As Permian crude differentials continue to widen, trading at a $8.45/bbl discount to Magellan East Houston this week, a lot of people are pointing fingers at midstream companies for not completing new takeaway pipeline projects quickly enough. But even in the oil patch, it takes two to tango and producers can also share some of the blame. Historically, the focus in the Permian has been on larger producers, with their sprawling acreage positions and their focus on creating long-term competitive advantages through efficient drilling programs. Many of the smaller, private equity-backed producers adopted more short-term strategies. Their game has been to prove undervalued acreage and then flip those assets to more substantial players. But these strategies are beginning to change. Today, we continue our series on Permian differentials with a look at how the recent ramp-up in the development of second- and third-tier production areas is affecting the region’s crude oil output, pipeline takeaway constraints and price differentials.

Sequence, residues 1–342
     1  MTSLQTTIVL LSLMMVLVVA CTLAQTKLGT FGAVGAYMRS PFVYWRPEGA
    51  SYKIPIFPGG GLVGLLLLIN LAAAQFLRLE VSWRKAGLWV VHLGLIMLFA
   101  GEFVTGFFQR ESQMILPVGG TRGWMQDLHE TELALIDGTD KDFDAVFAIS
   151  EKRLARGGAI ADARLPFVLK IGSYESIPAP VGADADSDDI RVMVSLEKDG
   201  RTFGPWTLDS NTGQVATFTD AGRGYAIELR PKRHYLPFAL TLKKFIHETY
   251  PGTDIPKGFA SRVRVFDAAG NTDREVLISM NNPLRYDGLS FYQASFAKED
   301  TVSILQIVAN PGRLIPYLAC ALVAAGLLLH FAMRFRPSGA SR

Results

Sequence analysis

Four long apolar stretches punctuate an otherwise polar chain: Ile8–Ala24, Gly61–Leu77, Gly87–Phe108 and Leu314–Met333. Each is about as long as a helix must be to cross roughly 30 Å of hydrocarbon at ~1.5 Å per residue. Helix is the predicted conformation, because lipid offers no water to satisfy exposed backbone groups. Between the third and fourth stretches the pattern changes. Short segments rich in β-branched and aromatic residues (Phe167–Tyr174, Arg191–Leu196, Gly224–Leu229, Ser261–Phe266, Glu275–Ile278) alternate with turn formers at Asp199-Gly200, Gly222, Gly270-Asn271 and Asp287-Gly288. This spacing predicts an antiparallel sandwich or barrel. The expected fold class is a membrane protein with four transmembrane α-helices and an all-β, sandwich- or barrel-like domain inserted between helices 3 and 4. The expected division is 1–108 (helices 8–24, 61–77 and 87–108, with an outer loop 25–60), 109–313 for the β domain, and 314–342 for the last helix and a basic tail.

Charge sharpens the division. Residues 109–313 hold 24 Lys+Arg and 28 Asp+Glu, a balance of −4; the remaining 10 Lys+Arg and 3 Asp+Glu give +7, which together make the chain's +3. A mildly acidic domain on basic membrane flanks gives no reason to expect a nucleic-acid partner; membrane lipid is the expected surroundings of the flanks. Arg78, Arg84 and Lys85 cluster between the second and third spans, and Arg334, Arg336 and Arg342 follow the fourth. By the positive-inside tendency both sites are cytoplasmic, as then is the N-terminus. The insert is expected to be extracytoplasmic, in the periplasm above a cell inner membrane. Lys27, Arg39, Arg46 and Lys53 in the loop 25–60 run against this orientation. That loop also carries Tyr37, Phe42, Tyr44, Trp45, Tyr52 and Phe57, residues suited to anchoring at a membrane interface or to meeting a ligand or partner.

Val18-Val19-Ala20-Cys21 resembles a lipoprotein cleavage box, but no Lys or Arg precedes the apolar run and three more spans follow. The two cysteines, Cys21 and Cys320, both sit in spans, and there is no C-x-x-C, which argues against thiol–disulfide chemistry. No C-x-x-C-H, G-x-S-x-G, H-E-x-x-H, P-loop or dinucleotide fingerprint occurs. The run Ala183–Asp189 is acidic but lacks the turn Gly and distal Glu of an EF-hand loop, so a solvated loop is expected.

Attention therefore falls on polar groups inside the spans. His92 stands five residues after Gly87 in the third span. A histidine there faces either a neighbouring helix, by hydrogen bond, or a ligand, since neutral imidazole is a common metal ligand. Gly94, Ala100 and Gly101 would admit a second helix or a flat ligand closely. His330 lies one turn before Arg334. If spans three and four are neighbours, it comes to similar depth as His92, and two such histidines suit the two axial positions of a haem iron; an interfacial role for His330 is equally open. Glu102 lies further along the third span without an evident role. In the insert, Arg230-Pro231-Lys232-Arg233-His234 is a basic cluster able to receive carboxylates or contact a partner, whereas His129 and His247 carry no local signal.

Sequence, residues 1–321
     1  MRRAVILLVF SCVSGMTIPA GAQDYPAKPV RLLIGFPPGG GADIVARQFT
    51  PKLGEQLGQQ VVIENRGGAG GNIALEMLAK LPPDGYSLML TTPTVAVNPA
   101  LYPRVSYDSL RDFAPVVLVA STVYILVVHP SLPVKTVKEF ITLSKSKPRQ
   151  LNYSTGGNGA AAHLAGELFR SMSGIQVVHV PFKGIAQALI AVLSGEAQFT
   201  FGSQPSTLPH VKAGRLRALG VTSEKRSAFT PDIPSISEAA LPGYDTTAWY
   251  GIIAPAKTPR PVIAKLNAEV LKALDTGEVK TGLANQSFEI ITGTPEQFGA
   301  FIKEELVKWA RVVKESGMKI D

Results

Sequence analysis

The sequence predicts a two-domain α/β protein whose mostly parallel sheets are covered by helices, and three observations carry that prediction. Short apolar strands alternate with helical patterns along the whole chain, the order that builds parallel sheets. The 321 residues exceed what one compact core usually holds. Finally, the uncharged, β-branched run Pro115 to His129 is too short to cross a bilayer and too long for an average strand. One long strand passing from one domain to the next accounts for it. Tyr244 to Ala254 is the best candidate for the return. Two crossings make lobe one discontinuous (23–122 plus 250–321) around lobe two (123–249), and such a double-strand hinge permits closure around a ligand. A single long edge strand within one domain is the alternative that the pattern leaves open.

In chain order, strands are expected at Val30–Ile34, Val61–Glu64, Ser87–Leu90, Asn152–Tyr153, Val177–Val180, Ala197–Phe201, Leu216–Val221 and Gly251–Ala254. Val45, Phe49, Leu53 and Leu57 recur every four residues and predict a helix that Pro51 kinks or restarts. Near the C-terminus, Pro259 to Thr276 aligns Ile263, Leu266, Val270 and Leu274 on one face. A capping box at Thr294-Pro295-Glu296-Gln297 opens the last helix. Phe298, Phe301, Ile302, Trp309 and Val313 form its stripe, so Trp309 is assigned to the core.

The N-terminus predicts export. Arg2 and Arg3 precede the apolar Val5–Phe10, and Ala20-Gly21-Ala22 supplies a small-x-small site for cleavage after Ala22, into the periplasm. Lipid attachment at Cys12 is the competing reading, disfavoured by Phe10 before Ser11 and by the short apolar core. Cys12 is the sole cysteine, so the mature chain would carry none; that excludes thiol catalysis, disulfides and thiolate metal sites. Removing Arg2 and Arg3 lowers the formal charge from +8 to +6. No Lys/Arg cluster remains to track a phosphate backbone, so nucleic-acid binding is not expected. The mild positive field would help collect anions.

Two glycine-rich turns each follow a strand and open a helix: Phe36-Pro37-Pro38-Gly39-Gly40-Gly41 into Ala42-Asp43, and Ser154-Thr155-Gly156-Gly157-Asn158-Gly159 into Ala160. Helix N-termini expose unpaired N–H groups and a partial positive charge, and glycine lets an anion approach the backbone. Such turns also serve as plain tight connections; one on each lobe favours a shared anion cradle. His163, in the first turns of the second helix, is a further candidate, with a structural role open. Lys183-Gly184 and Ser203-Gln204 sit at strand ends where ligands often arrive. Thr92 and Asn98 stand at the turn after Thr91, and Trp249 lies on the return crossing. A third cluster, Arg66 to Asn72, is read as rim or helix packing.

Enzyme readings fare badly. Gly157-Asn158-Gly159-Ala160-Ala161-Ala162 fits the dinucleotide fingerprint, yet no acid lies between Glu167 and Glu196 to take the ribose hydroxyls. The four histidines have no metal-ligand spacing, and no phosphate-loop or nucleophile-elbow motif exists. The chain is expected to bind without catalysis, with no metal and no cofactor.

As we said in Part 1, Permian crude production is growing at a breakneck pace, pipeline takeaway constraints are worsening by the day and, as a result, Permian producers without takeaway capacity locked up have been taking a big hit on crude prices. We’ve seen this movie before (Figure 1), most recently back in 2014, when (like now) rising production pushed outgoing pipeline capacity to the max and the price spreads between Midland and destinations at the Cushing hub in Oklahoma widened dramatically (blue line, red oval to left). Earlier this week, the spread between West Texas Intermediate (WTI) at Cushing vs. WTI at Midland stood at $5.65/bbl (blue line, red oval to right), while the spread between Midland and Magellan East Houston (MEH; orange line, red oval to right), which we started tracking in 2016, was $8.45/bbl. Two weeks ago, these same spreads were only $2.70/bbl and $4.95/bbl, respectively.
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